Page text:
‘Ottawa’ Ottawa Senators’ New Associate Coach Marc Crawford Right at Home in Capital Region
The Canuck they called “Crow” no longer has to fly to see his relatives.
For the first time since 1991, Marc Crawford can live full time in the 613 area code. Don’t ask him to recite the other seven digits of the phone numbers to all his family members — Crawford is one of nine children created by Pauline and Floyd — but he at least he can call 911 instead of 411 to get a hold of one of them in a hurry.
He is a second cousin of Charles Bordeleau, Ottawa’s chief of police.
“I’m hoping that’s a real good connection,” the Senators’ first-ever associate coach joked Wednesday at the Canadian Tire Centre.
According to Wikipedia (I would have verified with him had I read this earlier in the day), Crawford was known as “747” when he played parts of six seasons for the Vancouver Canucks because he was constantly being shuffled back to the team’s AHL affiliate — the Fredericton Express — some 5,000 km away. His nickname turned to “Crow” when he became Vancouver’s head coach, an occupation he chose immediately after hanging up the skates.
All told, he has stood behind the home team’s bench in eight cities in various outreaches of the globe, including St. John’s N.L., Quebec, Colorado (Denver), Los Angeles, Dallas and Zurich.
“I’ve been married 34 years, but in hockey terms that’s 17 because I’ve only seen her half the time,” said Crawford, only half-kiddingly.
Born and raised in Belleville, Crawford has had hockey running through his veins all his life. His dad played professionally and was captain of the world champion Belleville McFarlands. His brothers, Bob and Lou, played in the NHL. He remembers playing his first game in the old Belleville Arena as a five-year old.
“The Belleville Bulls were a big part of the upbringing for me,” said Crawford, disappointed that his home town no longer has an OHL team. “I was part of the Belleville Bobcats, which was the Tier II team before the Bulls. I played there two years before I went to Cornwall and played for the Royals.”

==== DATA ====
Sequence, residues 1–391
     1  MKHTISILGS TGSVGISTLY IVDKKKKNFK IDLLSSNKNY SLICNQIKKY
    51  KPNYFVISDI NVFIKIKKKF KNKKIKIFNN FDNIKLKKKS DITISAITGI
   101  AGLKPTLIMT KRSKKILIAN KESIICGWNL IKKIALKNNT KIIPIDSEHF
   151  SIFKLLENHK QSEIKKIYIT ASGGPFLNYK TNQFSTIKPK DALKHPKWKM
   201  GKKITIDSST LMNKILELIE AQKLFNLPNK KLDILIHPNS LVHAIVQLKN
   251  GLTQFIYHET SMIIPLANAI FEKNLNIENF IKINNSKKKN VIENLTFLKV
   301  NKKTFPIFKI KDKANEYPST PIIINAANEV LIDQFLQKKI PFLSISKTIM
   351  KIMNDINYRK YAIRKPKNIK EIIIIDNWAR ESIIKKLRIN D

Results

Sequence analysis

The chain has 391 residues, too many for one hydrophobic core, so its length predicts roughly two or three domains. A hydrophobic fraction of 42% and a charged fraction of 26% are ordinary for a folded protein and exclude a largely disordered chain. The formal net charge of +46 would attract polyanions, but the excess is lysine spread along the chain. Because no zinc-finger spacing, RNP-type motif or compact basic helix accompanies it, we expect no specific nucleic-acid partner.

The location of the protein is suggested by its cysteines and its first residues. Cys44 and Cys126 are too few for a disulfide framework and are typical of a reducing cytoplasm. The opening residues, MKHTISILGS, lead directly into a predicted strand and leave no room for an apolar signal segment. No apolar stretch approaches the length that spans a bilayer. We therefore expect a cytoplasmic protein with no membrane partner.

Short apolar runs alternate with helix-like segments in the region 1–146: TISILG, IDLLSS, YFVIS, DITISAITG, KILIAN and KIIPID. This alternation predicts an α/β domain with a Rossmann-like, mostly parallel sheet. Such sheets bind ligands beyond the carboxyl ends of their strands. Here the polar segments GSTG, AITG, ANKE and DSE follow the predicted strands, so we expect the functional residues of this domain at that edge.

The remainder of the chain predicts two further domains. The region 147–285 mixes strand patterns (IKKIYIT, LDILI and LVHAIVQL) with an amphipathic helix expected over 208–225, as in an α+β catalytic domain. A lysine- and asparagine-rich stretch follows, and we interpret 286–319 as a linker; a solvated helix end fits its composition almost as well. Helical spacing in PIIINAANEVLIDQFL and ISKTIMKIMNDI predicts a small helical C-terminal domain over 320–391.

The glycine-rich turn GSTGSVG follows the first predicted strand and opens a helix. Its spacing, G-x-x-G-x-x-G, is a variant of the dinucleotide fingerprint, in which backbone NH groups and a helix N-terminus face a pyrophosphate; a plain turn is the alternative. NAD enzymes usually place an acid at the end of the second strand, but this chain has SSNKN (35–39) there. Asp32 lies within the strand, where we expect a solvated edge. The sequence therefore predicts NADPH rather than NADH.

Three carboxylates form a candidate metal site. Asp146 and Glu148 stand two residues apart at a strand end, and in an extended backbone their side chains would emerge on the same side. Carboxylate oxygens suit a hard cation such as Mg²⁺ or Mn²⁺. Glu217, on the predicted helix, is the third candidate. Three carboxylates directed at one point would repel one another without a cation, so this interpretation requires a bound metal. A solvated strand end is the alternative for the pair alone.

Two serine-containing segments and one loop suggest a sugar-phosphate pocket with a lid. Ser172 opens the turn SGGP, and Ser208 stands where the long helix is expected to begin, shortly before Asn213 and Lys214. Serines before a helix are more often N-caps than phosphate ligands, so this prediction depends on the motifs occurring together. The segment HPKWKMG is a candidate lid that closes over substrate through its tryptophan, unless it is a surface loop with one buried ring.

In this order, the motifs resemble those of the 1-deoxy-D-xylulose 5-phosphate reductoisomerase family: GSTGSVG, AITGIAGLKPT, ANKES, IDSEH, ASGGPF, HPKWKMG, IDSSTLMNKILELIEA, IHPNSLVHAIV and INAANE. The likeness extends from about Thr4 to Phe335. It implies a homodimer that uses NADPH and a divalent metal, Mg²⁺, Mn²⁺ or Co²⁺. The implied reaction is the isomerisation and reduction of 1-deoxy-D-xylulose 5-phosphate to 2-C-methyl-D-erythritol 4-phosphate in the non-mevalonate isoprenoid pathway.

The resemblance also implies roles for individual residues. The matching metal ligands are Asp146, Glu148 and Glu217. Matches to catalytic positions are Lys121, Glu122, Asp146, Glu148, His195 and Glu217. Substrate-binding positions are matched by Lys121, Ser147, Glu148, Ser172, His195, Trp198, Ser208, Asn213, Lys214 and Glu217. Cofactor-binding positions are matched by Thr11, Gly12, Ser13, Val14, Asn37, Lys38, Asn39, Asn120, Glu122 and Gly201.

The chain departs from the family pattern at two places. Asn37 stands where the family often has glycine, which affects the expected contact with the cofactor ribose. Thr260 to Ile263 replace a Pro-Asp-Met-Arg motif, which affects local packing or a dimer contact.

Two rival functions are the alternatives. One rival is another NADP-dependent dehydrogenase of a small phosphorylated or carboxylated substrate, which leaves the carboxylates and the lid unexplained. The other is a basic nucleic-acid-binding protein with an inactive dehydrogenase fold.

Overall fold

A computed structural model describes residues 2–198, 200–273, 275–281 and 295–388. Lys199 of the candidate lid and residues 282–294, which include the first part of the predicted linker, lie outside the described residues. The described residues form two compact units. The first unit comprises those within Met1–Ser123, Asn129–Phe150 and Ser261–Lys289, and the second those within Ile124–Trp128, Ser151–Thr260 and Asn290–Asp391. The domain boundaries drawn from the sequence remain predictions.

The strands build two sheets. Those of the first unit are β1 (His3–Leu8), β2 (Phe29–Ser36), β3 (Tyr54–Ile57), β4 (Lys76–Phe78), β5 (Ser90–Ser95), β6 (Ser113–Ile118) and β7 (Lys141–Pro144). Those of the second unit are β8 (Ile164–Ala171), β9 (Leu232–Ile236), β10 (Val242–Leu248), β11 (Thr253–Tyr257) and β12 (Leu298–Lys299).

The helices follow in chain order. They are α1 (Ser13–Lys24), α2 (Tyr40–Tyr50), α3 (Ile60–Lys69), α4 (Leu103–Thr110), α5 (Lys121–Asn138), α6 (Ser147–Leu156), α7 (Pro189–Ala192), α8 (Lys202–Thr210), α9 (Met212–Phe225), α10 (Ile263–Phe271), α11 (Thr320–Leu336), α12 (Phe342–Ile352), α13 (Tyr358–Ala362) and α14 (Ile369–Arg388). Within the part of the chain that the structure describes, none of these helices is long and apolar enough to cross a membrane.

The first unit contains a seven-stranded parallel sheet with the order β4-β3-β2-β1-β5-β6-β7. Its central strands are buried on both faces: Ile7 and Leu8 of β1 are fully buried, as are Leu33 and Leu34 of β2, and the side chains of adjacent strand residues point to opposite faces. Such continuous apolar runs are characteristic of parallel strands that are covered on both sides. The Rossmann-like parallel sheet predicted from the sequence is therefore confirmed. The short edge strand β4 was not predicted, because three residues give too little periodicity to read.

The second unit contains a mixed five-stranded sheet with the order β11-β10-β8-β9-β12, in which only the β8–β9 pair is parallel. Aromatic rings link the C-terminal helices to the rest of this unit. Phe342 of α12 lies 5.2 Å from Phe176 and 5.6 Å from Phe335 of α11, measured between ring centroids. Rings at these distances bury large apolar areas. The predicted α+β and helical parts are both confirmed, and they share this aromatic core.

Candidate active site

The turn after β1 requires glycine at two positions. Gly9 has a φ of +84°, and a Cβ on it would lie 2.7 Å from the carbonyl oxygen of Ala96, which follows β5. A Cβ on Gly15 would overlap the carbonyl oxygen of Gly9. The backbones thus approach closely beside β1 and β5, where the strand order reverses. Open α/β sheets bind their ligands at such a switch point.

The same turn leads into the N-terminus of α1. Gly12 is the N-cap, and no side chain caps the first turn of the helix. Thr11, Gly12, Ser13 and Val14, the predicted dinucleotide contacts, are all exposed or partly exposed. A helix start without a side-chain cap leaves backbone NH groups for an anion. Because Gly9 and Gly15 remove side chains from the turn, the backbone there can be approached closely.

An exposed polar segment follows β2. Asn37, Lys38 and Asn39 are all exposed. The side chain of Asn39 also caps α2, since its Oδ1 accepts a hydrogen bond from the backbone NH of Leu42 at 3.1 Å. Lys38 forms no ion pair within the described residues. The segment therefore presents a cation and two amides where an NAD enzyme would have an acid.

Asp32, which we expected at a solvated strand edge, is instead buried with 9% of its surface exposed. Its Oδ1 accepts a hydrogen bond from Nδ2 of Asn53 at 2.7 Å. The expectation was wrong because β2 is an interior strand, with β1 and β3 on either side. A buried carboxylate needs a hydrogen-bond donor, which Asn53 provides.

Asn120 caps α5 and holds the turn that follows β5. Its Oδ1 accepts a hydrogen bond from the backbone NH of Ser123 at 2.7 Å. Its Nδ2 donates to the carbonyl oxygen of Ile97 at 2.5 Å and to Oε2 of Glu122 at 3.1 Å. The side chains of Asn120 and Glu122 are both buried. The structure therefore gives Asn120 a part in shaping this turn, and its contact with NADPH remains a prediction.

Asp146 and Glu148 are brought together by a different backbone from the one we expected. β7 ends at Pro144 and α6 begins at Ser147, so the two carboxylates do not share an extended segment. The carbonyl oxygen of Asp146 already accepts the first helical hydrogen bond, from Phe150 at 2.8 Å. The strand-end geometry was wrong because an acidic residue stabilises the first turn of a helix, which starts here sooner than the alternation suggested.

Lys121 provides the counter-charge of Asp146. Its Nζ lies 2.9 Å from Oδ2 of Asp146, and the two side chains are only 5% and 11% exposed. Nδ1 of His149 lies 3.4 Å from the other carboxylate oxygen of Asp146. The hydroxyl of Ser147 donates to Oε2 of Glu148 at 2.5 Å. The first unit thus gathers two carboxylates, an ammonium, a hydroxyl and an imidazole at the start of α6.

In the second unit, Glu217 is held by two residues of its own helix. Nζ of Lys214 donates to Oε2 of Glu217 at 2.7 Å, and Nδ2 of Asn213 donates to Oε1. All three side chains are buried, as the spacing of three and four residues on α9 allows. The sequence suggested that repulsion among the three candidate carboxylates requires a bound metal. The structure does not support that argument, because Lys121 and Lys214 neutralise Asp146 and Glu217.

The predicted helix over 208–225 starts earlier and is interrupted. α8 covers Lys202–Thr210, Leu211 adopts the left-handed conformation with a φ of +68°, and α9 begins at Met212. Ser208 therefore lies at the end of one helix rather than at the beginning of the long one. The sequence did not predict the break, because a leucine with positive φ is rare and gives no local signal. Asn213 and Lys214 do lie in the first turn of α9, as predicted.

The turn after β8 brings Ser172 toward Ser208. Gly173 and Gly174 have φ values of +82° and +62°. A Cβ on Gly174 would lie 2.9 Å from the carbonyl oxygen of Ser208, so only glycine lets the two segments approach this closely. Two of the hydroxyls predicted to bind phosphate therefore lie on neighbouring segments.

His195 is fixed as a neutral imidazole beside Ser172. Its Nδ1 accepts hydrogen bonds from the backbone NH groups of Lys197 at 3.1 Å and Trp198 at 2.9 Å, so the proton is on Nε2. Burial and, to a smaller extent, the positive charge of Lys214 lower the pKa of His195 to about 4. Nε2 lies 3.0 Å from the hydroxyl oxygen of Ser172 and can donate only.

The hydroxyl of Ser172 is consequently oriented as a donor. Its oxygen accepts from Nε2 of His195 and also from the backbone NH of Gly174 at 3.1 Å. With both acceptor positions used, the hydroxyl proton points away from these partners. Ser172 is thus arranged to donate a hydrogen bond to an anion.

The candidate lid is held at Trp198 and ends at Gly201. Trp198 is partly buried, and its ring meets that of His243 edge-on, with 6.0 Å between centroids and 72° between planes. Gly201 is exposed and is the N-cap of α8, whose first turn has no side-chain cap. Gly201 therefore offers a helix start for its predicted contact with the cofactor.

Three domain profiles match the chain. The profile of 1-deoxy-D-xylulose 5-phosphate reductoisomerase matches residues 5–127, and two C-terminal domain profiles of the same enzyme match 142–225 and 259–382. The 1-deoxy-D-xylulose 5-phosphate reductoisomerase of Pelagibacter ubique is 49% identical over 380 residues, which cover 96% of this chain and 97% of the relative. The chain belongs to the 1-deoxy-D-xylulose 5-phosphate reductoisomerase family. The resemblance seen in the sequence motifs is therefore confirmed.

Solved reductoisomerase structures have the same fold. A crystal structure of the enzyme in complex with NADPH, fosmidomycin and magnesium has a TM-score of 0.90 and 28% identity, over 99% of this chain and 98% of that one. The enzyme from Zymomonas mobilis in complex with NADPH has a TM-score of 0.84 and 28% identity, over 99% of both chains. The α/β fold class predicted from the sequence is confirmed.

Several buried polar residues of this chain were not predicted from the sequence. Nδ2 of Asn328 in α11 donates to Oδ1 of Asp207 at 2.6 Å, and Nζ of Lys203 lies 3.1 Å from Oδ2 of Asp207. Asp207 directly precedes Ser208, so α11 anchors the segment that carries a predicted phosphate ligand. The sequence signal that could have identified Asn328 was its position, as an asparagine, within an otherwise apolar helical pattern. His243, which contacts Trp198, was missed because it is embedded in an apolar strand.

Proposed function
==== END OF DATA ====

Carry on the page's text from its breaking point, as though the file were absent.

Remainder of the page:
When he hung up the skates, Crawford returned to Cornwall to coach the Royals from 1989-91.
As a junior hockey writer back then, I clearly remember calling him up to do set-up pieces the day the before the Royals came to town. He’d generally ask more questions about Brian Kilrea’s 67’s than he’d answer about his own team.
Little good the information did him.
“I think we played them 10 times and Killer beat me nine,” said Crawford. “The one time we beat him he said, ‘Geez those referees were so bad.’”
When Kilrea was inducted into the Hockey Hall of Fame, Crawford sent him a message reminding him that a part of his success came at the expense of the Royals. Kidding aside, Crawford said when he also assumed the GM duties in Cornwall, Kilrea would help him any way he could.
“Such a fun guy,” remembers Crawford. “He would always say, ‘Geez, you’re doing really good Marc. Yeah … we beat you again by six. Hey, want a beer?’
“I’d say thanks Killer, yeah, I’ll have a beer.”
His biggest influence in becoming a coach was Floyd.
“My dad is the reason I am,” said Crawford, who compares his father’s love of the game to that of Senators head coach Guy Boucher. “Guy is the only person I met that has kind of the same passion as my dad. It could be in the middle of July, and my dad would be sitting there with the salt and pepper shaker and he’d be like, ‘okay, this is the defenceman, and this is the forward’ … that’s how I grew up. Guy is like that, too. He could talk hockey (all day). He never gets tired. He’s amazing. I think he needed me because I’m the only person that’s kind of used to that.”
As much as Crawford and Boucher become friends in Switzerland, so did their wives.
“I think you can never discount how important that is in a staff,” said Crawford. “They got to meet each other at the end of the year in Switzerland, and that was a really positive thing.
“The chemistry and the fit, I feel, is really, really good.”
He feels the same away about being back in both Canada and the nation’s capital.
“I’m an eastern Ontario boy,” said Crawford. “My summer home is in Cornwall. I’ve got five nieces and nephews that are going to school here in Ottawa. So obviously tickets will be at a premium in the Crawford household, I hear.
“My wife is absolutely thrilled to be able to come back home. We’ve got parents that are still around and we want to spend more time with them.
“We’re just looking forward to having a great stay here and really getting to know everybody in Ottawa.”
He will be picking up fewer air mile points going forward, but at this stage “Crow” probably has enough to last a lifetime.